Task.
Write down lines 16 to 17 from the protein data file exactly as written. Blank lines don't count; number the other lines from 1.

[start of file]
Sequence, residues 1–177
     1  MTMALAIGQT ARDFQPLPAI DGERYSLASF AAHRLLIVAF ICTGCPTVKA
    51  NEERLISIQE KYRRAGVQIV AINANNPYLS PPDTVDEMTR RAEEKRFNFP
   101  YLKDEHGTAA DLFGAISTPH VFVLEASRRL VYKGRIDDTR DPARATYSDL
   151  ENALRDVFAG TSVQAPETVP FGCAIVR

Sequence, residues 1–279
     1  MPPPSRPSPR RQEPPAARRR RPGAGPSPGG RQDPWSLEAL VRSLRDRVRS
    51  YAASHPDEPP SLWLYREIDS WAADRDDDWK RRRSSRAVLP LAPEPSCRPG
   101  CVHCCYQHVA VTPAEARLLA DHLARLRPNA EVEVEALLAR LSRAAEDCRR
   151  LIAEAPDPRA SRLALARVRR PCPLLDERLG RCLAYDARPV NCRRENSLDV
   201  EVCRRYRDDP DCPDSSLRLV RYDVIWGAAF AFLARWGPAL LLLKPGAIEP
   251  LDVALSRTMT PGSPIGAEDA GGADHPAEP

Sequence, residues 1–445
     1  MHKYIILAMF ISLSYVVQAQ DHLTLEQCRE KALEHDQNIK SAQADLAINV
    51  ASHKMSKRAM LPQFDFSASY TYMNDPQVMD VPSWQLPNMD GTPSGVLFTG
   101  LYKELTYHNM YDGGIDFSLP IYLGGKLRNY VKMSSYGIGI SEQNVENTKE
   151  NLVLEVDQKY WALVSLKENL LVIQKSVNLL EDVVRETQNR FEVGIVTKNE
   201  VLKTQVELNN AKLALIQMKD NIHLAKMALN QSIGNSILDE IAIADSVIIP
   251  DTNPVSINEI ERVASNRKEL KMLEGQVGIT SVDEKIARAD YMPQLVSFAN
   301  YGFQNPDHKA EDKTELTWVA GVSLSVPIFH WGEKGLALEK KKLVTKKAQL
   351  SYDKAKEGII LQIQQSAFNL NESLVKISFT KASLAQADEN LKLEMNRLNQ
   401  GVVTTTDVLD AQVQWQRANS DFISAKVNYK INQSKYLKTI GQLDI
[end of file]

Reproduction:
   101  LYKELTYHNM YDGGIDFSLP IYLGGKLRNY VKMSSYGIGI SEQNVENTKE
   151  NLVLEVDQKY WALVSLKENL LVIQKSVNLL EDVVRETQNR FEVGIVTKNE